Monday, September 8, 2014

Making Yogurt

I'm kind of fussy when it comes to yogurt. I like a few of the brands out there, but more often than not I find most commercial yogurts to be thin and overly sugared. Perhaps worst of all, I'm seeing more and more brands of yogurt with so-called "added fiber" in the form of inulin (a.k.a chicory root extract, or fructoogliosaccharides) on their ingredients list, which I'm totally intolerant of. Between that, and all of the preservatives... well, I'll just pass, thanks.

Besides, it's really easy to make yogurt at home. I have this little 1 quart yogurt maker that I bought a few years back, and I love it. I think calling them "yogurt makers" is sort of a misnomer, but yogurt incubator just sounds weird, I guess. That's all it does, though: keeps the temperature at a cozy 110F or so, which is perfect for the bacteria to work their magic.

The recipe I use is equally simple:

  • 1 Quart Whole Milk (1/4 cup set aside to thin starter yogurt)
  • 1/2 cup yogurt. I use a Greek-style yogurt with as many different kinds of live cultures as I can find. (Zoi, Oikos and Fage are all ones I've tried, with success.)
  • 2 Tablespoons powdered milk. This is not necessary, but I use it to boost the protein and make a thicker yogurt. Feel free to use or omit, as you choose.
First, I take the milk and powdered milk, and stir them together in a saucepan over medium heat. My goal is to bring the milk up to a low boil, without scorching it. Once it starts boiling, I take it off the heat and set the pot aside, so it cools back down to somewhere between room temperature and 110F.

While that's heating up, I like to pour the reserved 1/4 cup of milk into a small measuring cup, and add the 1/2 cup of yogurt, stirring gently until well blended. I try to get rid of as many yogurt lumps as possible, so that it's evenly distributed throughout the batch when all is said and done. I also prefer to get this done as early in the process as I can, so that the yogurt starts coming up to room temperature. In my mind, the bacteria needs to wake up from their refrigerator-induced slumber and could use the head start. I may just be projecting, though... not being a morning person, and all.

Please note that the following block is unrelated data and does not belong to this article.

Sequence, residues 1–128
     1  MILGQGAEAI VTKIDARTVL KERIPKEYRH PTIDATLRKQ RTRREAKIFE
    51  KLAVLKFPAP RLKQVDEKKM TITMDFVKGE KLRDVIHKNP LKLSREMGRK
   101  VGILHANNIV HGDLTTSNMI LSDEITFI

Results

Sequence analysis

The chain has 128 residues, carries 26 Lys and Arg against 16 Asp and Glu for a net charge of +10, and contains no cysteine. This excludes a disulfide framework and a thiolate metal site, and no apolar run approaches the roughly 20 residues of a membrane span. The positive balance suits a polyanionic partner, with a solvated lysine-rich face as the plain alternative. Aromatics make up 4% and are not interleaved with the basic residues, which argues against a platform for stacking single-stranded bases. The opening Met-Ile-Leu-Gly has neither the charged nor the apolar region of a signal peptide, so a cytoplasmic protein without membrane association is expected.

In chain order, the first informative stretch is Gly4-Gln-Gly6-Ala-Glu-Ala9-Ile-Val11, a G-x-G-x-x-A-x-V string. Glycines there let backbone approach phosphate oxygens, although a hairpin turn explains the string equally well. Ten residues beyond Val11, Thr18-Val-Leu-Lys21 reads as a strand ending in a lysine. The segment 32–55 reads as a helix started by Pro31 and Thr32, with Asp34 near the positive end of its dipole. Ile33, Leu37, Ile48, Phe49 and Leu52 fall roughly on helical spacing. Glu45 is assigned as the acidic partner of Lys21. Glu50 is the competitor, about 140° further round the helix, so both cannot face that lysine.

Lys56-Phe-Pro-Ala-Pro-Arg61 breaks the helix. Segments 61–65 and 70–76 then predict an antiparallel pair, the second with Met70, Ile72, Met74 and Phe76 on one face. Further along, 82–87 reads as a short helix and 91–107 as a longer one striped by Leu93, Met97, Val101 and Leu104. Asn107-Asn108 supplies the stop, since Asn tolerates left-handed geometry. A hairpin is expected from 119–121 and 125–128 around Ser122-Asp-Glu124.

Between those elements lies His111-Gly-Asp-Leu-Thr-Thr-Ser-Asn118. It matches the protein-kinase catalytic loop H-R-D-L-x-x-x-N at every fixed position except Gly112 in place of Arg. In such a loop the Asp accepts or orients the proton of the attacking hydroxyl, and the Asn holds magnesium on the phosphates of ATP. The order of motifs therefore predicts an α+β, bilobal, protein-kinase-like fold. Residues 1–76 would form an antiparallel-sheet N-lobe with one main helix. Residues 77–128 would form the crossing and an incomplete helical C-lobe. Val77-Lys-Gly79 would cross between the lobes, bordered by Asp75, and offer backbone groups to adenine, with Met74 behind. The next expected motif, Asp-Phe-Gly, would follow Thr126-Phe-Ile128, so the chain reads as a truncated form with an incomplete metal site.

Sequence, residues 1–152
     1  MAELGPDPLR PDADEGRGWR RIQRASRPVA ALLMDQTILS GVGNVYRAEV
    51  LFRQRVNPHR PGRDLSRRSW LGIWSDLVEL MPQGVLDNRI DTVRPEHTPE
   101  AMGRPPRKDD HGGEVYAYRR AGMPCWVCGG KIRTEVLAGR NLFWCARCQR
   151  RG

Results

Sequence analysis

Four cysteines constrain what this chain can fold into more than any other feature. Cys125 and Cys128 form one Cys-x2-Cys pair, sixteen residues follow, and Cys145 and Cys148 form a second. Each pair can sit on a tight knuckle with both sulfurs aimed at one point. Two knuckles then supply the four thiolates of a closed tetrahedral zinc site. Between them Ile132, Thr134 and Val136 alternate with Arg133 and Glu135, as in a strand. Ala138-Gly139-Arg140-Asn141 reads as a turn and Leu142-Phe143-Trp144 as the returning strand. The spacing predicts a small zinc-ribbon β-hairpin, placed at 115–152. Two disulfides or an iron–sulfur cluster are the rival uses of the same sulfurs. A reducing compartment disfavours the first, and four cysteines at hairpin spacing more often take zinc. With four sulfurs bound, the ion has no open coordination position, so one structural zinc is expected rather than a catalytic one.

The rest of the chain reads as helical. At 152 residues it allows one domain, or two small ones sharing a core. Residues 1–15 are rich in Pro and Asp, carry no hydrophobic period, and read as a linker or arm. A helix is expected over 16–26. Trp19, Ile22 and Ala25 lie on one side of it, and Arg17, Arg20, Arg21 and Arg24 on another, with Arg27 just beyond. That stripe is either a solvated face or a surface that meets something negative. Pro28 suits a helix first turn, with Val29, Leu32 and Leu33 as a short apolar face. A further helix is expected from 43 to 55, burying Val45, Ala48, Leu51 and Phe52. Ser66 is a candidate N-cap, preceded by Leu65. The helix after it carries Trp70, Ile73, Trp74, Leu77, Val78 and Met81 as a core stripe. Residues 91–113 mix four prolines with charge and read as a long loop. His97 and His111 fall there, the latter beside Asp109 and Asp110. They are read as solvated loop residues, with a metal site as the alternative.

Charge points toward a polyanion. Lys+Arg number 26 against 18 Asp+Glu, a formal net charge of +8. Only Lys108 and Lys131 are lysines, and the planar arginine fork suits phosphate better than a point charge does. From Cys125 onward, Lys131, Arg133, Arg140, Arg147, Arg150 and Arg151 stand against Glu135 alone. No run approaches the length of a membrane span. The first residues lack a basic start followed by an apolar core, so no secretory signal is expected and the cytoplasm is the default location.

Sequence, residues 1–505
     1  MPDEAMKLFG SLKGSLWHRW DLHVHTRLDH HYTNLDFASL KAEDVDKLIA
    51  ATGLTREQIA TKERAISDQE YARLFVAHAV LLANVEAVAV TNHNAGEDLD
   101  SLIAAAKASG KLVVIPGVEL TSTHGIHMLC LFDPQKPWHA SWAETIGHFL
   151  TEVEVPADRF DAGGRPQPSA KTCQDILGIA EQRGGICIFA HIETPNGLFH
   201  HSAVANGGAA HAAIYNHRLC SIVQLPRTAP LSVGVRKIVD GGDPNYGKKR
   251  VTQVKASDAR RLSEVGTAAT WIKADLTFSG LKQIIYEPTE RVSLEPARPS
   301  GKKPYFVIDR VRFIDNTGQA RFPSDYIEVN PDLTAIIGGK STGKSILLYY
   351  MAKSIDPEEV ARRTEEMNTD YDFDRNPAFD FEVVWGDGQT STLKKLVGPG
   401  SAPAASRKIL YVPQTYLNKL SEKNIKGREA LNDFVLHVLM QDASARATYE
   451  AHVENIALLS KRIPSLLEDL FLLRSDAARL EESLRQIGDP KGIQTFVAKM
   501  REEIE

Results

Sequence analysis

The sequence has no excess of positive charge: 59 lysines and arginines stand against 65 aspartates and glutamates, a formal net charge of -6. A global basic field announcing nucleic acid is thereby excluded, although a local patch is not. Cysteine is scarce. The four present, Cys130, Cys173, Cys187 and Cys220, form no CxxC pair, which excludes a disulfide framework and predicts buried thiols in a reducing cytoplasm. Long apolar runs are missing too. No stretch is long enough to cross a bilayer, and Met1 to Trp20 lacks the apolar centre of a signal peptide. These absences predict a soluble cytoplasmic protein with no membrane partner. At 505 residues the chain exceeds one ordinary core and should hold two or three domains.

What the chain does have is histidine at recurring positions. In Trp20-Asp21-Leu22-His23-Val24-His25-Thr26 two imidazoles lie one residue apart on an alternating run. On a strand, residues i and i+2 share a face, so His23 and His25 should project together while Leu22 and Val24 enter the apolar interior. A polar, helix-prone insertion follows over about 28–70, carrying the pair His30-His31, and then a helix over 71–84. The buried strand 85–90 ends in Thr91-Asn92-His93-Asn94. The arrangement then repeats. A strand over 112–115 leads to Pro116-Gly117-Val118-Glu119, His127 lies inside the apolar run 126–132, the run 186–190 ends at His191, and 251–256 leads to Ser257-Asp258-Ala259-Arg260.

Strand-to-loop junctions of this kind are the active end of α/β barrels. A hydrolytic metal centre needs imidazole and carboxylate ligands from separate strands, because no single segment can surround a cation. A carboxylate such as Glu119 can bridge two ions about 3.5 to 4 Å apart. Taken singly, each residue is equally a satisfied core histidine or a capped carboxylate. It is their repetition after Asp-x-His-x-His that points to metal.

Once the milk has cooled, I add in the thinned yogurt. If the milk is still on the warm side, I'll temper it by adding some of the warm milk to the thinned yogurt first, much like you'd do making an egg custard. It brings them closer to temperature, without shocking the thinned yogurt with an abrupt change in temp. Once everything is combined and smooth, I fill the jars per the manufacturer's instructions and put them in the maker. I leave the jar lids off but put the machine lid on, and set the timer for 12 hours. Once the 12 hours is up, the jars come out, lids go on, and into the fridge they go for about 3- 4 hours to stop the culturing process. 

Once chilled, they're ready to eat. I like mine over some granola with honey or maple syrup for a little sweetness. If you prefer fruit yogurts, just add a dollop of your favorite jam right before eating. No preservatives, nothing you can't pronounce... just happy, yogurt-y goodness!

(Want more info on making yogurt at home? Check out this page over at Cultures For Health! They have a TON of information on all sorts of cultured foods.)

What's your favorite way to eat yogurt?

PS: This post has been shared on the Homestead Blog Hop. Click  the link to see more like-minded posts from around the web!

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